Artist Spotlight: Olivia Taylor

Olivia Taylor, senior at UConn’s School of Fine Arts, is a few weeks from graduating – but senioritis clearly hasn’t hit her too hard, because she’s been busy with her Senior Project! Her artwork stood out to me due to her unique use of typography and her art’s interaction with nature – something that resonates with the artist, writer, and human that we all are. I had the wonderful opportunity to ask her a few questions about her artistic process.

Get Lost 3

Olivia describes her artistic style as “ever changing”. Of her time in the art program, she says: “My work aesthetic has completely evolved, as have I. As I learn new ways to create, my style and sensibility changes with those new techniques.”

I asked about her current project and the challenges it has presented to her. Her project is a part of her Senior Project and is exhibited in Artspace in Willimantic, along with other seniors in the BFA Senior Show. (Her project, and many others, will be up for exhibit and shown until May 4th.)

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Taylor’s Exhibit in Artspace

 

The project, “Get Lost”, is described as “a nature campaign to push people to get outside and enjoy what is around them”.

She describes the challenges in creating “Get Lost” as twofold: “not only in the actual creation process but in the process of choosing the correct vehicle and message to effectively relay my message.” Since the project is a campaign, she had to “learn a lot about people, and how to reach them in a positive non abrasive way, which is much more difficult than you may think.” Olivia started UConn as an Anthropology major, and through her art, she can explore her interest in “what makes humans work” as well as express her creativity. When asked why she creates, she says simply, “There is no other means by which I can thoroughly enjoy my work, and successfully express myself, so why would I do anything else?

Dive In
“I also had to learn how to successfully interact with the world around me. When trying to create typography out of the natural elements, while immersing them in other aspects of nature, you have to learn to be flexible. When you are submersing type made out of rocks into a fast flowing 25 degree river and you lose a couple of letters to the current, you can’t get frustrated and give up.. You just learn to come to the river with multiple letters, and lot of hand warmers.”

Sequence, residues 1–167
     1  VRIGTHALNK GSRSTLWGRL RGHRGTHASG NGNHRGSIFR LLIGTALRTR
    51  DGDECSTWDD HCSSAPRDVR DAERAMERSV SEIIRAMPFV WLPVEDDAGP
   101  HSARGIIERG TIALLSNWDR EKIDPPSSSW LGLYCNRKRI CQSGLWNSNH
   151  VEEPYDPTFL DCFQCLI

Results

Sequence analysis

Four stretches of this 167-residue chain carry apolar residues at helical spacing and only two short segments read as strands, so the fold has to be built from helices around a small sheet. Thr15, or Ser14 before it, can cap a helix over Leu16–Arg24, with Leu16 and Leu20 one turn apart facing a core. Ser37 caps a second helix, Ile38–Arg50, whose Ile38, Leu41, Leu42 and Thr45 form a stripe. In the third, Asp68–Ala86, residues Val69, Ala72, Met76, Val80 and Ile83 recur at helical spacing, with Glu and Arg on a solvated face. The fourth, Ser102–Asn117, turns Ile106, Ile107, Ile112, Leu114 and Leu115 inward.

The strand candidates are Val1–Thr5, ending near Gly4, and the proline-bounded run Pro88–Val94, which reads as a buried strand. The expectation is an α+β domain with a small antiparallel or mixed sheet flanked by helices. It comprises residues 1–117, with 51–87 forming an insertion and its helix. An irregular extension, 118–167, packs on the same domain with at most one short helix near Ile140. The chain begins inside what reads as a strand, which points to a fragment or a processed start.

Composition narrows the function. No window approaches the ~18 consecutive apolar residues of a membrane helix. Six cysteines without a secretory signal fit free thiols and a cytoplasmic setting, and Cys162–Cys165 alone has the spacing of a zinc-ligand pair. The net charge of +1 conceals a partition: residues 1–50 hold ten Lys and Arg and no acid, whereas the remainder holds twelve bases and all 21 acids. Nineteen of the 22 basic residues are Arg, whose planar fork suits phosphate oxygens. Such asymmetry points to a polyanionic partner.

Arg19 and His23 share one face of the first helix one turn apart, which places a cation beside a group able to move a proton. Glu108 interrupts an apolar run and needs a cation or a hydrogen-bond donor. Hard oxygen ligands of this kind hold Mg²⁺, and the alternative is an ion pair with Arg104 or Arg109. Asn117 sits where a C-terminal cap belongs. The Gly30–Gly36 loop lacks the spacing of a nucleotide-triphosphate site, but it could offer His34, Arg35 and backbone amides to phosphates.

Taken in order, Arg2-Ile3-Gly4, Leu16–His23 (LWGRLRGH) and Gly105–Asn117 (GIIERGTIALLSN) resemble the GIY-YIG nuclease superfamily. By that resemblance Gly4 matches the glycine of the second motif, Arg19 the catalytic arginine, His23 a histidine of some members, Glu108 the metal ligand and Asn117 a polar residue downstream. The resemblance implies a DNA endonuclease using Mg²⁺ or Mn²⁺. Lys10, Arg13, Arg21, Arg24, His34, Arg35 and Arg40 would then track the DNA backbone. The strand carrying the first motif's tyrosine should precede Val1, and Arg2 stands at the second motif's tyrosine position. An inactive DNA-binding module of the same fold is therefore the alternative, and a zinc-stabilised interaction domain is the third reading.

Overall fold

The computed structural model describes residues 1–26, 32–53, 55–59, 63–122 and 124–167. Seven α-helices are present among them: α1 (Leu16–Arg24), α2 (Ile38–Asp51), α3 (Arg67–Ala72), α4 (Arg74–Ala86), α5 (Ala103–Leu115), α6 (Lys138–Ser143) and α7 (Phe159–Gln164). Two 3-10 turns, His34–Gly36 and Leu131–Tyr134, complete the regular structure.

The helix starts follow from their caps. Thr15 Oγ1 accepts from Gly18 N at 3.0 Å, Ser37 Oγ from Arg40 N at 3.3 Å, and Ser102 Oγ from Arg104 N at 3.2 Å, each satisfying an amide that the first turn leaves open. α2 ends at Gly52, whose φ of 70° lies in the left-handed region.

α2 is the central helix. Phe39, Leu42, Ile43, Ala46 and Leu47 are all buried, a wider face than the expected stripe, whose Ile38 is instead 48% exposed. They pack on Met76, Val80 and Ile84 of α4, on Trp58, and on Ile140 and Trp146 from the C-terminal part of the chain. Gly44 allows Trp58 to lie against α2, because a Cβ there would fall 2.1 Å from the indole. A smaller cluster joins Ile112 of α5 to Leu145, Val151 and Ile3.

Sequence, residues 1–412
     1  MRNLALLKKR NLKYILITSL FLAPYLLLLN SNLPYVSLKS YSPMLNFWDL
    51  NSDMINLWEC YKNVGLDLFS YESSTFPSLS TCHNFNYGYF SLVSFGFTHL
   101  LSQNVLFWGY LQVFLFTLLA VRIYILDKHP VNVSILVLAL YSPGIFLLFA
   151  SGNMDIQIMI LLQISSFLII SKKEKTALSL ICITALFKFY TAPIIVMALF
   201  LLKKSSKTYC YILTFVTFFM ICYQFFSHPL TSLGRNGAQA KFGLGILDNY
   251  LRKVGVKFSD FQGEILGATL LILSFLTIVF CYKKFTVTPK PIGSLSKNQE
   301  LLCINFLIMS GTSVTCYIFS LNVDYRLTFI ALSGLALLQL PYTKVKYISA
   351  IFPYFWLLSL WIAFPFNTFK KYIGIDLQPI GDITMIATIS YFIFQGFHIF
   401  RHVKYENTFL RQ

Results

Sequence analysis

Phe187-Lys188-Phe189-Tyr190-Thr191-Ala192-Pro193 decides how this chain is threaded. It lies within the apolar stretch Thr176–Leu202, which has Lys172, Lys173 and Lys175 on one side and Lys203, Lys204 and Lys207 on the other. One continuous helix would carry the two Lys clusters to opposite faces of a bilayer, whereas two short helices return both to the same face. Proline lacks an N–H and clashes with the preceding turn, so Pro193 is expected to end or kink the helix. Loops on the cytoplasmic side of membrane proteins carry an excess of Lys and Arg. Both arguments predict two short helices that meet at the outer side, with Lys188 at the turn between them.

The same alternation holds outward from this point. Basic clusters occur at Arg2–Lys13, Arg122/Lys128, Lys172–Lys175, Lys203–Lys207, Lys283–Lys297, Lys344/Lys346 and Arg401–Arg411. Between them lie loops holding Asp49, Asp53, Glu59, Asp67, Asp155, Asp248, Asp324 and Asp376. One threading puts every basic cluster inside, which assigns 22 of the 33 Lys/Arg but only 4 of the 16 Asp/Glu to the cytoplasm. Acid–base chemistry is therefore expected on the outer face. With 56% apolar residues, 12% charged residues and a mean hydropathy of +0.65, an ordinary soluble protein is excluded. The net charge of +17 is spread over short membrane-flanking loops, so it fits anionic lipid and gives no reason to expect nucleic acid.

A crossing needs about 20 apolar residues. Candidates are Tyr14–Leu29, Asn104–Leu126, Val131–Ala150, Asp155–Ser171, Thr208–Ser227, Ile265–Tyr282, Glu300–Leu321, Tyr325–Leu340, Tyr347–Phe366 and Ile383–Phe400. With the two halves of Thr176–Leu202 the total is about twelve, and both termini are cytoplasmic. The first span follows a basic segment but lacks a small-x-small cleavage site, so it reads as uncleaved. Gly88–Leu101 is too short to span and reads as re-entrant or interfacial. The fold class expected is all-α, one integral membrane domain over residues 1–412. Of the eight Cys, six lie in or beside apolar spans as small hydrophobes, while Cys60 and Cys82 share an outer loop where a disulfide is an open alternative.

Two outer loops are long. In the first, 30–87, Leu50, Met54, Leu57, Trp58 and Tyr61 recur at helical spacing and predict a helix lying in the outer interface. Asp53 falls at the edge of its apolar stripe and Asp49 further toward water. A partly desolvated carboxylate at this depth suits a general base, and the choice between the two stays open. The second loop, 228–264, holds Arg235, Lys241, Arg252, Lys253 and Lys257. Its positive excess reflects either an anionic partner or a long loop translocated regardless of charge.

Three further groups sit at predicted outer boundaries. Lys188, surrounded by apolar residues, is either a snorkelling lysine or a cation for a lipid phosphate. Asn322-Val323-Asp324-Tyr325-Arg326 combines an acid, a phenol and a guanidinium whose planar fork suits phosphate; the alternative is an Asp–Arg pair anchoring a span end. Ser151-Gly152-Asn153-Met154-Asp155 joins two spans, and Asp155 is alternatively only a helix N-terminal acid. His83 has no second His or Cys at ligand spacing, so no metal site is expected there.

Olivia’s inspiration comes from everywhere – for instance, she credits an idea for her project from “something [her] mom said over the phone . . . when talking about something completely un-related.” She also mentioned the clever display and the “eye-popping use of typography” of design studio Sagmeister & Walsh. And after taking a look at her blog, it is clear that there are so many, many other  influences to her work!

How does Olivia go about her projects? She says: “It starts with research, of the project and anything that has to do with the project. After research I usually sketch out my ideas that have come from the research, laying them out to see which one will be most effective. Once I figure out which idea I’m going with, I usually just go ahead and start on it, researching more as I go along for artists that have done similar things or have looked at similar topics, but otherwise I just dig in and start working. The best way to figure out if your idea is going to work, is to actually do it. And if it doesn’t, you just have to start the process over again. My professors have always told my fellow students and I to just do. Good work will come with multiple iterations, so might as well just make as much as possible and see what comes out of it.”

Since Olivia is a senior, she is going to have to say goodbye to UConn in a few short weeks. Of what she enjoyed most about UConn, she says going to football games and playing intramural sports her friends. She will miss “the amazing people I have met through the design program, both my friends and my professors and the community that we have built.”

But as with all things in life, with every change there are also new opportunities. Olivia said, “Once I graduate, I want to find a graphic studio that I can work with, hopefully one that has a lot of the same ideas and values about design that I do, where I can continue to explore, play, and experiment with different kinds of design. My goal is to find a place where I belong, but I’m pretty sure that’s everyones first goal right?” (Right!) And the future is clearly bright for a creative mind like Olivia’s! Best of luck to her, and to everyone else in the Class of 2017.

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